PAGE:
I would like to start a series of posts devoted to best practices when designing mobile applications. So in this first post I will describe the MVC pattern that I have been using when creating CF applications for the customers.

I realize that a lot has been written on the subject, explaning what the MVC pattern is. If you don't know what it is, you can start from the Wikipedia. The main purpose of the MVC pattern is to decouple data access and business logic from data presentation and user interaction. While Mobile Client Software Factory developed by the P&P group implements it (actually it's a combination of MVP and MVC patterns), I think that their implementation is too heavy and slow for mobile devices. That's why I came up with my own implementation which I think is much more lightweight and simpler than the P&P one. So let's start, shell we?

For simplicity, I am going to create a very straightforward application that contains just a Login form.

1. Interfaces 

First we need a few simple interfaces: IView and IController:

public interface IView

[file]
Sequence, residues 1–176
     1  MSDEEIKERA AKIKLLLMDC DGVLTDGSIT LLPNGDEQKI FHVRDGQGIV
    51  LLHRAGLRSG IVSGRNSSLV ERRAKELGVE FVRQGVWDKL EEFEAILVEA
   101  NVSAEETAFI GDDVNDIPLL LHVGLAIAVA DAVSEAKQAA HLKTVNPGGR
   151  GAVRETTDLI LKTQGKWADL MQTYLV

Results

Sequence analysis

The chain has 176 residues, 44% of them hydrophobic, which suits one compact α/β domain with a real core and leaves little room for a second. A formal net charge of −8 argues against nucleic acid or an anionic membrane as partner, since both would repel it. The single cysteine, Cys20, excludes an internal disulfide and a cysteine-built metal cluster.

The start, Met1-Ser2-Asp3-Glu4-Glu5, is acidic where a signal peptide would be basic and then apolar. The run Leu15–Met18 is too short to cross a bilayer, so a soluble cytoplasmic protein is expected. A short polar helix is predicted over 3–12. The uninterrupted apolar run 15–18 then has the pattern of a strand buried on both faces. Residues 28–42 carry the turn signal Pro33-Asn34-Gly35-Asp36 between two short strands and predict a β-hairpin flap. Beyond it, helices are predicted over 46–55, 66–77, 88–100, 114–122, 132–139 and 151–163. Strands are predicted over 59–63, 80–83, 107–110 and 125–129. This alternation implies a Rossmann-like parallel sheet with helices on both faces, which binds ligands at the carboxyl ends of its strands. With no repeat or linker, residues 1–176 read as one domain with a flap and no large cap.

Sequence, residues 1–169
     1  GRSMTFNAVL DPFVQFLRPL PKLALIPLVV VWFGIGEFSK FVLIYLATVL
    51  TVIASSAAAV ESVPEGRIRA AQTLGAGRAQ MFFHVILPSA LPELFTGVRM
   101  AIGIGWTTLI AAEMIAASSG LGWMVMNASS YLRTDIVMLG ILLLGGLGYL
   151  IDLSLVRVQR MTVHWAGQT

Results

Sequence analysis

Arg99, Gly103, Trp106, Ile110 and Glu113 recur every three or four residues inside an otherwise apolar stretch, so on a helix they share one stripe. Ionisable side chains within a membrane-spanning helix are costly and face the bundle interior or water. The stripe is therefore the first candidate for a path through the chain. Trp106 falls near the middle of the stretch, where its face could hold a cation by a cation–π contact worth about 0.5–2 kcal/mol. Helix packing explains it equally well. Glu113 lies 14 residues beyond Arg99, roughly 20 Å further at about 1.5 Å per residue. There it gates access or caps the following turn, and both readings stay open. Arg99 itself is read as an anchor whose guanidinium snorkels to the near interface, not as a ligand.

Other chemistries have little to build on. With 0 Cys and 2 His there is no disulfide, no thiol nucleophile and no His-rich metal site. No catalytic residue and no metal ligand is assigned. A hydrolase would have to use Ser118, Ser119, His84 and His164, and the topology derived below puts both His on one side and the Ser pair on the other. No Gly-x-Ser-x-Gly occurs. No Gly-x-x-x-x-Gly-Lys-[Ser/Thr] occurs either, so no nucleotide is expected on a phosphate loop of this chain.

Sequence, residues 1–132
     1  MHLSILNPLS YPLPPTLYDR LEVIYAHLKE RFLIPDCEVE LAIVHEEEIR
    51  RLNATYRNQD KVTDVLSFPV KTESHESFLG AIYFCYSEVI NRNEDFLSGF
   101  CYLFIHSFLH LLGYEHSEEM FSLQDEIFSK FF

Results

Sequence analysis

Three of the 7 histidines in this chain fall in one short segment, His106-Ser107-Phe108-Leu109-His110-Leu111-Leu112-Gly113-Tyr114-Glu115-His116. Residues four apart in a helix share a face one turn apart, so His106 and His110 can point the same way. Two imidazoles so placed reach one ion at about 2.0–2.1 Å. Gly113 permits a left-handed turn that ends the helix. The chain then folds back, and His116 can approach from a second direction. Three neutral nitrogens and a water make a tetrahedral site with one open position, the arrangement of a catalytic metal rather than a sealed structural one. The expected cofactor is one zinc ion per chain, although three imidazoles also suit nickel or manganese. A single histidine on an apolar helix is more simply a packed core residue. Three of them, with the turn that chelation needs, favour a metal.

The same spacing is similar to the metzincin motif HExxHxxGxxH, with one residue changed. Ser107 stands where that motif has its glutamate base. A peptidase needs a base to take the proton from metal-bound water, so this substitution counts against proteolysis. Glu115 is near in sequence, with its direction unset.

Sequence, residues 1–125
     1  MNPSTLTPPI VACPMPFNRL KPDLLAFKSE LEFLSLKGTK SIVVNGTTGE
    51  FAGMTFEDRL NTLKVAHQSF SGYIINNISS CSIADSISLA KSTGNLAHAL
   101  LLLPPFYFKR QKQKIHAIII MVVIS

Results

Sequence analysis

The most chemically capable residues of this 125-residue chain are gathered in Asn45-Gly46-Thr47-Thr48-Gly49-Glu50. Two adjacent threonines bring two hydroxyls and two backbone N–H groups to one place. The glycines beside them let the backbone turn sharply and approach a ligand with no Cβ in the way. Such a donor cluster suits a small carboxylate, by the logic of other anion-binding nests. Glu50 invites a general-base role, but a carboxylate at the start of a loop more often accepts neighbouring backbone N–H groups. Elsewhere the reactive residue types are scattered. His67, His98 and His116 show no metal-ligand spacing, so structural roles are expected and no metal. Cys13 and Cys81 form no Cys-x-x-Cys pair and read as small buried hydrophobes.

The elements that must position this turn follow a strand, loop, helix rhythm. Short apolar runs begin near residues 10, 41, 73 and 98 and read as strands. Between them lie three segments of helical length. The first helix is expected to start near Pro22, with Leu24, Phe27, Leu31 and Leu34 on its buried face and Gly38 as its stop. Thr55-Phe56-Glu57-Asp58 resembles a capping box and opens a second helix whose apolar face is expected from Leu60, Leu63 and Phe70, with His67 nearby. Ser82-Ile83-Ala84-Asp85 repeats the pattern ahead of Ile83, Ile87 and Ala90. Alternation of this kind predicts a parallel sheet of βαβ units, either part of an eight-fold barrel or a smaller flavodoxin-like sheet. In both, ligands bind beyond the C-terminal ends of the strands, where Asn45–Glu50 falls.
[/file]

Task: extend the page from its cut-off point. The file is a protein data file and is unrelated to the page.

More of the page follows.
{

     void Show();

     void Hide();

     void Close();

     string Text { get;set;}

}

public interface IController

{

    IView View

    {

        get;

        set;

    }

}

As you can see, IView interface essentially declares methods that exist in any Form, it means that we wouldn't even need to implement them.

2. Add a new form: LoginForm

Let's add a new form, drop a few textboxes and labels (txtUser and txtPassword), add menu items (Exit and OK).  It should look like this:

LoginForm

Since it's a login form, the requirements should be obvious :  when the OK menu is selected take the values from the text boxes and either compare them to some existing values from the local database or via a web service etc... and return the result to the same form and show it in the status label. If we would not use the MVC pattern, we'd just end up with the code that makes appropriate calls to let's say a web service directly in the OK menu event handler, making future modifications for the business logic or UI more difficult.